Burma

Suu Kyi Vows Transparency With Candidates’ Asset Disclosures

By Kyaw Phyo Tha 20 June 2015

RANGOON — Aung San Suu Kyi said Saturday that every member of her National League for Democracy (NLD) who wishes to contest in Burma’s upcoming general election will have to declare their assets, as the party seeks to exercise transparency in the highly anticipated vote.

In a speech opening the NLD’s executive committee meeting over the weekend in Rangoon, the opposition leader said her party would finalize its candidate list after deciding whether or not to compete in the November election.

Senior NLD members have repeatedly sent mixed messages on the party’s intentions vis-à-vis joining the election, which democracy advocates hope will be Burma’s first free and fair nationwide vote in 25 years.

Suu Kyi said NLD candidates would need to submit their movable and immovable assets, as well as those of their spouses’ and any similar wealth that might be under their children’s names. The disclosures will include bank account information and business interests, she said.

Prospective candidates will also be required to make a pledge to collaborate with the party if it feels further investigation into a candidate’s wealth is needed.

“We just want to show that the NLD has transparency. If they can’t reveal their assets, how can people rely on them?” the 70-year-old democracy icon told the 112 senior members of her party gathered for the meeting.

“We will do this because people who are going to work for the country have to be free from corruption. I want to know that a candidate is not interested in the good of themselves and their families but only for the country,” Suu Kyi said.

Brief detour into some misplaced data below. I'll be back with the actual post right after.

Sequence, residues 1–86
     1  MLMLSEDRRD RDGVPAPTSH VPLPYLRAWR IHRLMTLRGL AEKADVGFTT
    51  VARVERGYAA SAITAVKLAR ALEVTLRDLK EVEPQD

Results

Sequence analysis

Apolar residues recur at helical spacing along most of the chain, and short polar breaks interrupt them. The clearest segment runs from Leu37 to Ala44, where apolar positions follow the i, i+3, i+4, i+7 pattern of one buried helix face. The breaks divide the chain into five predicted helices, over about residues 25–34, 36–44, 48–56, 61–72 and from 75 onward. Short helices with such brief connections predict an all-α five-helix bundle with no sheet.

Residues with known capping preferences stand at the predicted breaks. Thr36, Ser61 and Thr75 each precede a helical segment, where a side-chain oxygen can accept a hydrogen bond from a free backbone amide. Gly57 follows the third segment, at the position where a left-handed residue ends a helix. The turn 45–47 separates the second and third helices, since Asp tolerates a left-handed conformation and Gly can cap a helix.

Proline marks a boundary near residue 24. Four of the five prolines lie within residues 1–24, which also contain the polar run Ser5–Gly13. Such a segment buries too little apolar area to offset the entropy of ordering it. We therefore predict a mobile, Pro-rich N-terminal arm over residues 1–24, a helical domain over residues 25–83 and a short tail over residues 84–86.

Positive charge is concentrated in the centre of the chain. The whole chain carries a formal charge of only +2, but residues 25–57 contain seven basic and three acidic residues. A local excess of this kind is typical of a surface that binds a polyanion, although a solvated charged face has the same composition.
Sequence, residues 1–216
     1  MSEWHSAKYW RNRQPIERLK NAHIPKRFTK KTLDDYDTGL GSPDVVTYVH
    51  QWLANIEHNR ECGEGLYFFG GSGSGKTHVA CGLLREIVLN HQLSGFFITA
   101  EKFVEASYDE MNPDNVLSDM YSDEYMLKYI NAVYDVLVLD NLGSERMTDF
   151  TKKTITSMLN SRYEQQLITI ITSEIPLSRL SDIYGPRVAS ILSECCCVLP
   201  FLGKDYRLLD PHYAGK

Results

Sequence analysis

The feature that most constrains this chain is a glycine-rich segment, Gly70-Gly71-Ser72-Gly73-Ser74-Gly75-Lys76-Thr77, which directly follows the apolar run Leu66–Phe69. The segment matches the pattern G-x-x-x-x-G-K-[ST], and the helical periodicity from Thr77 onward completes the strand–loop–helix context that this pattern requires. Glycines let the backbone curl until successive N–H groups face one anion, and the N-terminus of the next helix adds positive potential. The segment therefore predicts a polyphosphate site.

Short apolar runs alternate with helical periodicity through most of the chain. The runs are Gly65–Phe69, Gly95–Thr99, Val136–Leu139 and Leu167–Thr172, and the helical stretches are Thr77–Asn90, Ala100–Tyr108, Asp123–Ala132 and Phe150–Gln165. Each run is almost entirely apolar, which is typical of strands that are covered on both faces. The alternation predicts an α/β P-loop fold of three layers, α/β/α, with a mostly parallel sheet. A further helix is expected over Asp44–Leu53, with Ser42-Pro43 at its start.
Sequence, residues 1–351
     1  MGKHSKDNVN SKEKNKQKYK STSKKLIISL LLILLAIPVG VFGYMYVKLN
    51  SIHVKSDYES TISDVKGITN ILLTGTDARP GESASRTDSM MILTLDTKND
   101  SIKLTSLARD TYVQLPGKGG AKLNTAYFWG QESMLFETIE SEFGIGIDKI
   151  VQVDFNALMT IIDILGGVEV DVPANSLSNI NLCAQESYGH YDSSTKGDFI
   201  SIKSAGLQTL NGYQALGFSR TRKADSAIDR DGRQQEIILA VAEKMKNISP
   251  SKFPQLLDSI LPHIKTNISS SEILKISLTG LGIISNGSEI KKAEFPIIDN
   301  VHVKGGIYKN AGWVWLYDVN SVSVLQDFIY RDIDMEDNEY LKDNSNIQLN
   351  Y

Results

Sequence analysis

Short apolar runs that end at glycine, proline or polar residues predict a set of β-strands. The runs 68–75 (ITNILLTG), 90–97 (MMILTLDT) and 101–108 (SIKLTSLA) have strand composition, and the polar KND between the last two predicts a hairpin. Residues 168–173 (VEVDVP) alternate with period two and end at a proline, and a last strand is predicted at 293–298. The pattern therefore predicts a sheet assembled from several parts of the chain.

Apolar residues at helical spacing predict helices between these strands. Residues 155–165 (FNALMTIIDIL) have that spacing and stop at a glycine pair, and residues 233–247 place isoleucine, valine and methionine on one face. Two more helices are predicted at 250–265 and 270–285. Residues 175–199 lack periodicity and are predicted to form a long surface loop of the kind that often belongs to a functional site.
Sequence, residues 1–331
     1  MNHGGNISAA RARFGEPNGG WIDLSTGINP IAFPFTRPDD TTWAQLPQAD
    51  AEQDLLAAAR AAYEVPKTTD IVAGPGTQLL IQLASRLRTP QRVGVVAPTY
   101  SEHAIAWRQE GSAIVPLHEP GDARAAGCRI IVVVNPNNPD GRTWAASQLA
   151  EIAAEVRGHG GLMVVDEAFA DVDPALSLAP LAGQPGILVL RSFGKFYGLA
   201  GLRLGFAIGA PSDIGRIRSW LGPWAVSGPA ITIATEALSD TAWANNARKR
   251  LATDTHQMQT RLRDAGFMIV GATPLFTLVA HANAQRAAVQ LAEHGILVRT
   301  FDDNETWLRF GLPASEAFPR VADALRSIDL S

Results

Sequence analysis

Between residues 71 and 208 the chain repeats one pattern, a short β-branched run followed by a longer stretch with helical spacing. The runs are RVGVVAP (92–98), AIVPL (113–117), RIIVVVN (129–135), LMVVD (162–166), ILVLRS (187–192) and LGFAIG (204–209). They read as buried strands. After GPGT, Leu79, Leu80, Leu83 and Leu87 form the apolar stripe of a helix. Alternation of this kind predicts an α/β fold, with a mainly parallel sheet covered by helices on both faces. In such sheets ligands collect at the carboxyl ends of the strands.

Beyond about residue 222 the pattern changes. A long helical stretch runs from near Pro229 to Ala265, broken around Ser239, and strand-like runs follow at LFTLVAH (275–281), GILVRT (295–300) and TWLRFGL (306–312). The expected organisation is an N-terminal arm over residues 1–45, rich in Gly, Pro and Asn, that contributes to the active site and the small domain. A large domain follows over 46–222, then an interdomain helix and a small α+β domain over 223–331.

“We will select our candidates [based on] to what extent they can work for the interests of the country in the long term. We have to think about not only Election Day, but beyond that day, to make Burma flourish.”

Suu Kyi also emphasized that the country’s stability is important before the elections, echoing a mantra of President Thein Sein in recent months, while seeming to warn that “instability” should not be used as a crutch to justify postponing the poll.

“Let me warn you, including the people and our party members, please don’t try to derail the elections by reasoning that there is instability,” she said.

“We want stability after the elections to allow our people’s hopes to materialize.”

The NLD’s executive committee meeting will wrap up on Sunday.

The 2015 general election is expected in early November and will pit the NLD—if it ultimately decides to contest—against more than 80 parties in races for the Union Parliament and 14 regional legislatures. The NLD is likely to face its stiffest competition from the ruling Union Solidarity and Development Party (USDP), as well as parties representing the interests of ethnic minorities in regions where they represent large constituencies.

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